Areas of Practice – Medical Malpractice
Medical malpractice claims are among the most expensive to pursue. Since most claimants cannot afford to fund the costs associated with pursuit of a claim, the few attorneys willing to evaluate and pursue such claims must have the financial wherewithal to advance the expense for filing fees, depositions, expert witnesses, travel, medical illustrations, power point, etc. John Alton files lawsuits only when he believes based on his expertise and experience that the odds are in favor of my client in resolving the case favorably by settlement or jury trial.
Physicians, hospitals and their liability insurance carriers paid millions of dollars to lobbyists to persuade the Ohio Legislature in 2003 to place a caps on the amount of damages those injured by medical malpractice could recover in medical malpractice claims. The liability insurance companies represented to physicians and hospitals that their premiums for malpractice coverage would substantially decrease if those injured by medical malpractice would not be able to recover more than $350,000.00 for non-economic damages, such as pain and suffering, loss of enjoyment of life and affect of physical health. Ohio Legislators were persuaded by those lobbyists and instituted such caps in April 2003 which have placed in a chilling effect on the numbers of medical malpractice law suits in Ohio. Although medical malpractice filings have decreased 65% since then, the premiums charged by liability insurance companies for medical malpractice coverage have not decreased much to the chagrin of the physicians and hospitals.
The myth perpetuated by the lobbyists for the physicians, hospitals and liability insurance companies defied the data and statistics. Physicians have never consented to settlements of frivolous lawsuits. In addition, to contend that medical malpractice liability insurance carriers issue settlement drafts to resolve frivolous lawsuits insults their intelligence. Throughout the United States the medical profession wins at least 90% of the cases which proceed to trial against doctors and hospitals. Even prior to the 2003 “tort reform”, doctors and hospitals won at least 80% of jury trials.
Although the lid on non-economic damage recovery clearly violates the equal protection clause of the United States Constitution, the odds of the Ohio Supreme Court (as presently comprised) of holding that the statute is unconstitutional are slim. A similar statute enacted in April 2005 placing caps on non-economic damages in personal injury cases was recently ruled by the Supreme Court constitutional.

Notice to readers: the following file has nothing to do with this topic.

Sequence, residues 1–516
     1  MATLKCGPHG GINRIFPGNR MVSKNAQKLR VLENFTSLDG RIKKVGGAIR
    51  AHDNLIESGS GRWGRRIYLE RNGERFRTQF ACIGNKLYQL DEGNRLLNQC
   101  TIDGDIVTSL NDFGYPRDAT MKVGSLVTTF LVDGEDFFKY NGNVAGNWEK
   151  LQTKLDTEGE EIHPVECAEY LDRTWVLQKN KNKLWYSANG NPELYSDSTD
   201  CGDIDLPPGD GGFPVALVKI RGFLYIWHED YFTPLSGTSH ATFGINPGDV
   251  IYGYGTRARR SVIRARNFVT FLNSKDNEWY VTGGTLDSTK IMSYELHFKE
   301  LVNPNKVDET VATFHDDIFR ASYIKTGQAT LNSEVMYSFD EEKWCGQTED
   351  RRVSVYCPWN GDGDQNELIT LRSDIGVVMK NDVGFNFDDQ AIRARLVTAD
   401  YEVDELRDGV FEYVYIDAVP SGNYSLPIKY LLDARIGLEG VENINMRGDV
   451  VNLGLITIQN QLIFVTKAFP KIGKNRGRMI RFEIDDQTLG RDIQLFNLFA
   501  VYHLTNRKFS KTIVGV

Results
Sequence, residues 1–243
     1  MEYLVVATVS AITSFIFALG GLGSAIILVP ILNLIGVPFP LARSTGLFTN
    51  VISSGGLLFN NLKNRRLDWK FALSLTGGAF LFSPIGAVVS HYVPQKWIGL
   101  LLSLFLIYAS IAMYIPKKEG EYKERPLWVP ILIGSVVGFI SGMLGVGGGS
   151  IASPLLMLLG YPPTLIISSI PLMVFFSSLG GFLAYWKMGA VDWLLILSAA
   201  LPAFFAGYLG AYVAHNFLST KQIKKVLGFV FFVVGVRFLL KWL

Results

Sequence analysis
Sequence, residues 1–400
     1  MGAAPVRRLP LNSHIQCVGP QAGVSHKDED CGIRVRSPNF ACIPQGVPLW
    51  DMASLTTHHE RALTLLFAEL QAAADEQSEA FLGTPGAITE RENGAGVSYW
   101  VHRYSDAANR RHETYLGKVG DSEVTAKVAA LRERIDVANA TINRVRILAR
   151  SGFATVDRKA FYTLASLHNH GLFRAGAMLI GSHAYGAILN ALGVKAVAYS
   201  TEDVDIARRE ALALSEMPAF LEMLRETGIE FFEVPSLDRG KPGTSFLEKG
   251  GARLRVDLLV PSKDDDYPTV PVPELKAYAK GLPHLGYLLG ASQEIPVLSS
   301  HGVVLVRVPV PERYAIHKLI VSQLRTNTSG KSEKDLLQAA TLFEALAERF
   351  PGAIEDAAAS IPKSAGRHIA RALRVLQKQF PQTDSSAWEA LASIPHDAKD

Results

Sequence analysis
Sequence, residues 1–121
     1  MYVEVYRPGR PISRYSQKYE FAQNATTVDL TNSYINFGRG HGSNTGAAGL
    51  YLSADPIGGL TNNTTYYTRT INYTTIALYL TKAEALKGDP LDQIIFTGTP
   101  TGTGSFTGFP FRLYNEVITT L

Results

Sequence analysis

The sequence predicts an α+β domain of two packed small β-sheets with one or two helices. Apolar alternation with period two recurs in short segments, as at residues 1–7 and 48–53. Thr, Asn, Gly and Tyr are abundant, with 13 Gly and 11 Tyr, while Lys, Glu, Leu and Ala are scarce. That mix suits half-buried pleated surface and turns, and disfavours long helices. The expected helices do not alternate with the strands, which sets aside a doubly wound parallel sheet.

Affidavit of Merit
In July 2005 the Ohio Supreme Court enacted Civ R. 10(D) which requires that an Affidavit of Merit be signed by a medical doctor and filed contemporaneous with a medical malpractice lawsuit. The Affidavit must that the physician has reviewed the medical records from which he formed an opinion that not only did the physician or medical care provider deviate from accepted standards of care, but also that the patient was injured as a result thereof. In addition, a medical malpractice case may not proceed to trial unless supported by a physician expert who devotes at least 75% of his professional time to the active clinical practice of medicine in the same specialty as the medical care provider alleged to be negligent.
Standard of Care
In every state, there are statutes which set forth the “rules of the road” applicable to driving a motor vehicle. For example, if one goes left of center or fails to stop at a red light, one is negligent per se.
There are no similar clear cut “rules of the road” regarding the practice of medicine. Yet, the law requires that the patient provide expert testimony regarding whether the medical care provider “deviated from accepted standards of care”. Since there is no “cookbook” setting forth standards of care applicable to a particular medical specialty, the attorney filing a medical malpractice case must retain an expert reputable in the particular area of medicine who can testify concerning the standard of care based on his education, training and experience. Since medicine is as much an art as it is a science, the customary defense in these cases is that there is more than one way of treating a patient which complies with the “standard of care”.
Thus, in medical malpractice cases more than any other type of case, selection of the expert is the key to the case. John Alton has access to the leading medical experts throughout the country in every field of medicine, not only based on more than 30 years of experience, but also from a review of various publications of results of medical malpractice cases which provide the names of experts in the various medical specialties involved therein. In addition, John Alton retains medical illustrators to assist the jury in understanding the medical issues and those skilled in power point to provide the jury with the opportunity to see the medical records and reports which are relevant to their evaluation of the issues.
Speeches and Articles
John Alton has spoken more than 40 times at seminars to lawyers, judges, physicians, and other professionals and written articles regarding medical malpractice, the most recent of which are entitled “Anatomy of a Medical Malpractice Case” and “Theobald v. University of Cincinnati: The Duty to Dually File Medical Claims.”